3D Red Map of People's Republic of China (PRC)
 

Beijing. The Chinese economy grew by 6.3 percent year-on-year in the first half of the year. In the second quarter, it expanded by 6.2 percent from a year ago, the lowest growth rate in the past 27 years. While future of China-US trade war remains uncertain, the data left a pessimistic impression on the Chinese people.

Chinese were used to high growth rates of around 8 percent, or even double-digit figures. But realizing a high figure is not aimed at showing off. Be it 6.3 percent or lower, it can be seen as a good performance compared to the rest of the world. China still leads the major economies when it comes to growth.

The Chinese government has recently reiterated that it will not adopt strong stimulus policies for the economy. That’s because the Chinese economy needs healthy development. Strong stimulus policies come with economic data that looks good, but what ordinary people want is better living standards.

China is seeing the largest-ever economic transformation driven by the government’s proactive regulation. The fundamental direction of this transformation is to put people first. During the process, we see less pollution and increasing ecological principles of economic development. At the same time, consumption is gradually taking center stage among the driving forces of the country’s economy.

Fairness has received greater attention from society. Solving income inequality and unbalanced economic development in different regions has become a major policy orientation.

The protection of the private economy has once again become the focus of China’s economic policy over the past year. Small and micro businesses are being supported. Although the China-US trade war is escalating, new breakthroughs have constantly been made in Chinese policies in terms of opening-up. Despite a slowdown in China’s GDP growth rate in recent years, the quality of the growth continues to rise. With the improving environment and city governance and rapid transition from a traditional economic model to a new economic model, the Chinese people’s lives have changed fast.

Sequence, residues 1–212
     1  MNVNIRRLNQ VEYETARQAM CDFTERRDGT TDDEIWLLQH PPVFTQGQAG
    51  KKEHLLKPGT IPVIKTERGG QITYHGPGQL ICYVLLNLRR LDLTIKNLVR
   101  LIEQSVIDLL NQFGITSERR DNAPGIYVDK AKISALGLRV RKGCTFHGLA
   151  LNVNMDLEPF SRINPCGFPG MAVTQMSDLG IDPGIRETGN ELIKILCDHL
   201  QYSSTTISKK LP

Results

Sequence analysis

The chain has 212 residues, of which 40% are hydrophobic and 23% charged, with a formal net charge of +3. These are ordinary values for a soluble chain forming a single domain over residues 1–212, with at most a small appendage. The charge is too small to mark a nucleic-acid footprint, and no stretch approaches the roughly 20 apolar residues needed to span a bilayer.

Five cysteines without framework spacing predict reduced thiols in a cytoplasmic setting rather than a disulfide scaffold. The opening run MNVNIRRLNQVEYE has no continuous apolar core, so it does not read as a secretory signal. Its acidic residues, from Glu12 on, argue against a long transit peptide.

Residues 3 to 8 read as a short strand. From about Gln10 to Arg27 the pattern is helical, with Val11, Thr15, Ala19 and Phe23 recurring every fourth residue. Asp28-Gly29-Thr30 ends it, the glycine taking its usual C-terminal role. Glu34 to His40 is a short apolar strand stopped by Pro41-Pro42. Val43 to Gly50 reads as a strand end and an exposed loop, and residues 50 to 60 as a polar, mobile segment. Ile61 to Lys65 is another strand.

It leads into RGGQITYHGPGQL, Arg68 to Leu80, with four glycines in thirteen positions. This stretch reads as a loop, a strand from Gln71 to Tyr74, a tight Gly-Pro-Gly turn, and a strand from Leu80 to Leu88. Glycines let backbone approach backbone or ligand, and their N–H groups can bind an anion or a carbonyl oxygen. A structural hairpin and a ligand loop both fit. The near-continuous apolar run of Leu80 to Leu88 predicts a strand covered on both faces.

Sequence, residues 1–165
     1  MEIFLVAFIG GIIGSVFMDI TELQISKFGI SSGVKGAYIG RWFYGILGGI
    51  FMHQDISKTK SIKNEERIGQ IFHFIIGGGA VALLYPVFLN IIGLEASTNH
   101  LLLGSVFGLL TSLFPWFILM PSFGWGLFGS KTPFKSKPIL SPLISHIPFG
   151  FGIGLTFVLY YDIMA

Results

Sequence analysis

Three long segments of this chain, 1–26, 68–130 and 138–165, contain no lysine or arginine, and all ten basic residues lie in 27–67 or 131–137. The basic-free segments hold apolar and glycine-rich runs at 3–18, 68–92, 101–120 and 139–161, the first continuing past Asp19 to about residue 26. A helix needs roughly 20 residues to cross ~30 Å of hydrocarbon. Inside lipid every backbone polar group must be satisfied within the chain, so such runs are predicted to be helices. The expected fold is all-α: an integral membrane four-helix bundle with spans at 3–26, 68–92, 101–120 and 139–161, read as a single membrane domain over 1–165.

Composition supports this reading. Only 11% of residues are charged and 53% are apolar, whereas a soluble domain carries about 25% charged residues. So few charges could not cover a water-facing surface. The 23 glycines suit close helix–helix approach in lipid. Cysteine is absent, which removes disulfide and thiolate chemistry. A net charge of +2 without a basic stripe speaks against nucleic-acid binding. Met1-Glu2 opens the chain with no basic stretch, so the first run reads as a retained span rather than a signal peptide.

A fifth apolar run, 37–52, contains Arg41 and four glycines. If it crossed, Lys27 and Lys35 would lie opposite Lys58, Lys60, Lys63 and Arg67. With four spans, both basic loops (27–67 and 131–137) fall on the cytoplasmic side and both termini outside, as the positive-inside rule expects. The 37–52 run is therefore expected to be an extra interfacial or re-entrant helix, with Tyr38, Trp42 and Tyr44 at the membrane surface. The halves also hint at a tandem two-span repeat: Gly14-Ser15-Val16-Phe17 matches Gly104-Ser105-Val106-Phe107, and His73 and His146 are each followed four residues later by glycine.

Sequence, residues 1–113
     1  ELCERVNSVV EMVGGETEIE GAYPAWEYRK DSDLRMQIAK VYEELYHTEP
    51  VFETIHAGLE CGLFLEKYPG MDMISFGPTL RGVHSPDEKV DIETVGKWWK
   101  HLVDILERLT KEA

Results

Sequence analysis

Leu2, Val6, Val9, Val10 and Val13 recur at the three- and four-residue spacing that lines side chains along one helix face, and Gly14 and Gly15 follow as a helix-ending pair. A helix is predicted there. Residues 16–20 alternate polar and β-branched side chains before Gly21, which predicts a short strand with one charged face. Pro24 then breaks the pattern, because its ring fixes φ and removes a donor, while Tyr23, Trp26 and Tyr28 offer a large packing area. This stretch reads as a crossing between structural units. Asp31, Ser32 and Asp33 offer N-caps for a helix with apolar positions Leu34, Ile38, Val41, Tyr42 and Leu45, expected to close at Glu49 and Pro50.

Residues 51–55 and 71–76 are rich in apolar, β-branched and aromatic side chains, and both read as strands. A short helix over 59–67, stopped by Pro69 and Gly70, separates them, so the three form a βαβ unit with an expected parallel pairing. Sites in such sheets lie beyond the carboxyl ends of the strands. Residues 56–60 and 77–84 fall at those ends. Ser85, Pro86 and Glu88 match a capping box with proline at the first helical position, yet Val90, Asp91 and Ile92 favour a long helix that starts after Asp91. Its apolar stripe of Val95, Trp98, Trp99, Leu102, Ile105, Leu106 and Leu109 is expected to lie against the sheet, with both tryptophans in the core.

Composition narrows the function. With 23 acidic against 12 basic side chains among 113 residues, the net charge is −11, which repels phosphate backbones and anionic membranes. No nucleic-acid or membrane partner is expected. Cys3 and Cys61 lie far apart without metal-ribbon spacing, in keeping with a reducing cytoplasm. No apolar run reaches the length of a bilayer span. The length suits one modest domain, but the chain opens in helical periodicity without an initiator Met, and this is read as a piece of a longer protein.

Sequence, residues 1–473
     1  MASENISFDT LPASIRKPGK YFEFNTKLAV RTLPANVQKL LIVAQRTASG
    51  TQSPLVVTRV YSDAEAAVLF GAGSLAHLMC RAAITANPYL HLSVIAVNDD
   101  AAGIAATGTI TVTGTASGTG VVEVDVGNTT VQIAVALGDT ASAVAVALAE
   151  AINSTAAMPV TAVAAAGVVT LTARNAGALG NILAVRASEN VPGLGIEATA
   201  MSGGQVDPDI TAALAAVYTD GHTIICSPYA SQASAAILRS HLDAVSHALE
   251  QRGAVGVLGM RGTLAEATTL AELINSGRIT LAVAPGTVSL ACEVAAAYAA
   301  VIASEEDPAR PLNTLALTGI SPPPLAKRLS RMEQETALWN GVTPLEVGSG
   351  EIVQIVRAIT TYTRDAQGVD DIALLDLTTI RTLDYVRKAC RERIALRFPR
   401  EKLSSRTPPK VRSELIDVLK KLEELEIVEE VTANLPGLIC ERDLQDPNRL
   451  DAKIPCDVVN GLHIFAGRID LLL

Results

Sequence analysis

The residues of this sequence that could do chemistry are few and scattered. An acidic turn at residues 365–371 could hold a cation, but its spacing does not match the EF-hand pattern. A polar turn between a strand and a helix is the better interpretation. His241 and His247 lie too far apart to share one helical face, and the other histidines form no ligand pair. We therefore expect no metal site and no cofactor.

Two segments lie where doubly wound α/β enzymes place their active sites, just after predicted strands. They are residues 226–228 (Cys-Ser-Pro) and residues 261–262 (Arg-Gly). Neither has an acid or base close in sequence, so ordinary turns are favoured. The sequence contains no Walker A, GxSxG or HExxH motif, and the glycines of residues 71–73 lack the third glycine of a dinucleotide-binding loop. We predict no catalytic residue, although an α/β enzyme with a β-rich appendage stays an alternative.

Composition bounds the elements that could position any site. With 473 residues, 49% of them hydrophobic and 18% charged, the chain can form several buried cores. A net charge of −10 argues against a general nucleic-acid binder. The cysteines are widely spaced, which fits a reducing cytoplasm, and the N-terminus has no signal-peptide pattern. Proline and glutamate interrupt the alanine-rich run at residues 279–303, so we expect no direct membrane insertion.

China once experienced an overheating economy plagued by a high-level of resource consumption and pollution, severe corruption and repeated construction. Although GDP data was high, it was not sustainable and there was a large amount of waste, which failed to improve people’s lives. The economic adjustments over the years are undoubtedly correct. The quality of our life is improving.

Of course, the downward pressure on the economy is a great challenge that must be taken seriously by all local governments.

Is it possible to achieve a higher economic growth rate? We should not give up seeking this possibility. For instance, many places are striving to drive economic growth with what they call a “nighttime economy” (business activities between 6 pm and 6 am in the service sector). This is something which must be explored for economic growth.

Houses are meant to be lived in, not for speculation. This principle must be adhered to. But the current purchase restriction curtails normal demand. Can real estate governance be improved to satisfy the demand for living?

High-quality development should correspond to people’s desire for a better life. City management should put people’s convenience, safety and comfort up front. Cities should value order, pluralism and freedom.

China has enormous economic potential. There is still much room to reshape ordinary people’s life, which is the core of the potential. That makes China one of the most promising major economies. Much remains to be done in unleashing its full potential.

(In association with Global Times)